CHICAGO, April 23, 2014 /PRNewswire-USNewswire/ -- Many of us struggle to make it through a tough exercise routine, but if you use a product with a brand name associated with athletic performance, you can feel more confident and actually exercise better—even if the product itself offers no direct exercise benefits.
Individuals face a variety of challenging tasks daily, such as getting through a tough exercise routine. When we fail, it is often because we lack confidence in our abilities and give up. We might solve the problem by engaging an athletic trainer or joining an exercise class where others can provide motivation. However, maybe there's a much simpler solution—could using a product with a brand name associated with athletic performance, such as a Gatorade water bottle, increase our confidence and exercise performance?
This question is examined with new research in the April 2014 issue of the American Marketing Association's Journal of Marketing Research. Results from several studies show that people can feel more confident about their ability to exercise, and can actually exercise better, if they use a product with an athletic brand name while exercising. Participants were asked to exercise with a handgrip while drinking tap water from a cup with the Gatorade name or a plain cup. Those using the Gatorade cup not only felt more confident in their abilities to do well, but also performed better, squeezing the handgrip more times during the exercise period.
Does the beneficial effect of brands work for everyone? "Not for all us," says Ji Kyung Park of the University of Delaware. "The individuals most affected by using brands are those who believe their personal qualities are fixed and cannot be improved through their own efforts. Therefore, they use a brand such as Gatorade to boost their confidence when they exercise." What about everyone else? "The rest of consumers hold beliefs that they can improve their abilities by devoting effort to self-improvement, and they can boost their confidence by learning better exercise techniques or picking up training tips," states Deborah Roedder John of the University of Minnesota.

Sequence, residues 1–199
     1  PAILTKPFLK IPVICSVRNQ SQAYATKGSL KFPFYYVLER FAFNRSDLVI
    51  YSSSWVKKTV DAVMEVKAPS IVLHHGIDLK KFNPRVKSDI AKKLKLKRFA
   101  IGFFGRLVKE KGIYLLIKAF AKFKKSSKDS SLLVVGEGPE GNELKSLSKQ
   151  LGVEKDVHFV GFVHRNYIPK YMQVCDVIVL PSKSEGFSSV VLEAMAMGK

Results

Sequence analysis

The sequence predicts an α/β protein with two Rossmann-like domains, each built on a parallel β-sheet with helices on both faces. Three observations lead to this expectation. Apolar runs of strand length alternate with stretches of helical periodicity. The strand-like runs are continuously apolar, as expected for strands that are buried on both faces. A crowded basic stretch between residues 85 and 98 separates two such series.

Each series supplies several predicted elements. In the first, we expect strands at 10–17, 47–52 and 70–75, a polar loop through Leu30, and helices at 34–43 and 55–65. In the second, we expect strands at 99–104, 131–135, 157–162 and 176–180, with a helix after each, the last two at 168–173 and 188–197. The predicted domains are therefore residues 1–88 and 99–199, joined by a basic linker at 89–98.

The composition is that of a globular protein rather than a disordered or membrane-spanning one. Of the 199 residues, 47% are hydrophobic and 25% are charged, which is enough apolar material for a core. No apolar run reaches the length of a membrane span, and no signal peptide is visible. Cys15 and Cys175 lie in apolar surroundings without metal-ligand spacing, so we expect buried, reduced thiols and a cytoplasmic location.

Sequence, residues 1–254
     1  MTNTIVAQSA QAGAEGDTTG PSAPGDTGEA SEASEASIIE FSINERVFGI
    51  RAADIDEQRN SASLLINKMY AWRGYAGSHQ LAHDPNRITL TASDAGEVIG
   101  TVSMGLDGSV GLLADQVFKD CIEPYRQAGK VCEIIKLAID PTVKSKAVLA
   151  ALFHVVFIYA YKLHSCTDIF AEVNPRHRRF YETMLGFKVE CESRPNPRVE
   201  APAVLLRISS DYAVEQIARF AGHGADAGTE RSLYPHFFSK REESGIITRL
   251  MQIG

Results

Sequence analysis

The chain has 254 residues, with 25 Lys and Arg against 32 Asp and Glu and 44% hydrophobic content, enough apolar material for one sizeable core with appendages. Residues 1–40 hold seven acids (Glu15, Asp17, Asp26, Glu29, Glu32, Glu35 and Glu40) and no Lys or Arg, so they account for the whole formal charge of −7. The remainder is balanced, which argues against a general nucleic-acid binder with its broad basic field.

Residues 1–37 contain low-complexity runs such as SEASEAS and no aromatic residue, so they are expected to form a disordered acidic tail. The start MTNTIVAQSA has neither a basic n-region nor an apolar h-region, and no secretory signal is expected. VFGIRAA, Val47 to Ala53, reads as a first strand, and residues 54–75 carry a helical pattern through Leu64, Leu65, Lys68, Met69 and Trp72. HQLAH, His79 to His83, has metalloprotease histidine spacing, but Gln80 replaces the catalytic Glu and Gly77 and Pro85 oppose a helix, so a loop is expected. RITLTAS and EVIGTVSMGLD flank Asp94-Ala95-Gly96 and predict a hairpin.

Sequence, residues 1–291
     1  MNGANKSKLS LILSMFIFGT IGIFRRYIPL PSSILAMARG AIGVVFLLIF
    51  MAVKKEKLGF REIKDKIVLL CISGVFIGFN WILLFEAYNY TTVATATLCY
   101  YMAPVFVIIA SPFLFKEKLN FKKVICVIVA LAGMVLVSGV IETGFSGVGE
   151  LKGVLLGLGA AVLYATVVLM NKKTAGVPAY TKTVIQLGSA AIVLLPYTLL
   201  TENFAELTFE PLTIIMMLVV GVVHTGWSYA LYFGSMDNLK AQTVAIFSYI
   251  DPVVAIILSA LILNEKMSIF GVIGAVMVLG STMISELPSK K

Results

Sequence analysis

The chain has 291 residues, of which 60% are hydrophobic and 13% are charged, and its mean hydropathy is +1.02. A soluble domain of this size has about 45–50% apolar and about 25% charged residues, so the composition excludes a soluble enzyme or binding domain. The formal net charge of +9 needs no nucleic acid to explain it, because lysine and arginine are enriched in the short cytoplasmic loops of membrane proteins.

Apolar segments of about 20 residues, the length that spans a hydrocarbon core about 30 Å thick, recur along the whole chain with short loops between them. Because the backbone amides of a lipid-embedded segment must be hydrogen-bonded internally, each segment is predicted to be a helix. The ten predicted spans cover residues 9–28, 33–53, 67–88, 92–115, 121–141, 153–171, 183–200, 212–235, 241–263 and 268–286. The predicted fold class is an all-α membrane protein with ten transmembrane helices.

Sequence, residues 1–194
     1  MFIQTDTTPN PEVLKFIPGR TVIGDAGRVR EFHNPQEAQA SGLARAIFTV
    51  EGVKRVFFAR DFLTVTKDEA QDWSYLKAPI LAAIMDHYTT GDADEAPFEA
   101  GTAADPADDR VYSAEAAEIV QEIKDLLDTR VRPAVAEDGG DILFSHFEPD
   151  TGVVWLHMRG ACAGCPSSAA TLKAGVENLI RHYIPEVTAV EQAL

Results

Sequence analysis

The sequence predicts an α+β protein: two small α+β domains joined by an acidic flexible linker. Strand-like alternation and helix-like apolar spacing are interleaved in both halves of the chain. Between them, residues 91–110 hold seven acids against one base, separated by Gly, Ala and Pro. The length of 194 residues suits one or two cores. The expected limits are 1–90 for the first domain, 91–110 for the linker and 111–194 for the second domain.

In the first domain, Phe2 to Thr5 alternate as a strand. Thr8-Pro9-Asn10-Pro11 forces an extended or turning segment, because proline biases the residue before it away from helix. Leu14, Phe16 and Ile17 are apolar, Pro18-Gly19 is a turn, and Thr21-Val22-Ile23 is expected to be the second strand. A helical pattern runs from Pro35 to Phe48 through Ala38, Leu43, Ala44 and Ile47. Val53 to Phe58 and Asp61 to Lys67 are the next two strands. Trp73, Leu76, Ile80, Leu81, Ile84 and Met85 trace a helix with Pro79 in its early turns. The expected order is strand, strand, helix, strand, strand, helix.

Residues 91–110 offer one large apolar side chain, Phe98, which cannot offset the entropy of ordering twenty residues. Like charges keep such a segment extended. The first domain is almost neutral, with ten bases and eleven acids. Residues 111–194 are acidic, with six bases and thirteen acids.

So, no matter what type of beliefs you hold, there are ways to increase our confidence and exercise performance. If you don't believe you can improve on your own, there's always "retail therapy"—go out and buy a Gatorade water bottle and take it to the gym!
About the AMA
About the American Marketing Association:
The American Marketing Association (AMA) is the professional association for individuals and organizations who are leading the practice, teaching, and development of marketing worldwide. Learn more at ama.org.
Contact: Christopher Bartone – 312.542.9029 – [email protected]
SOURCE American Marketing Association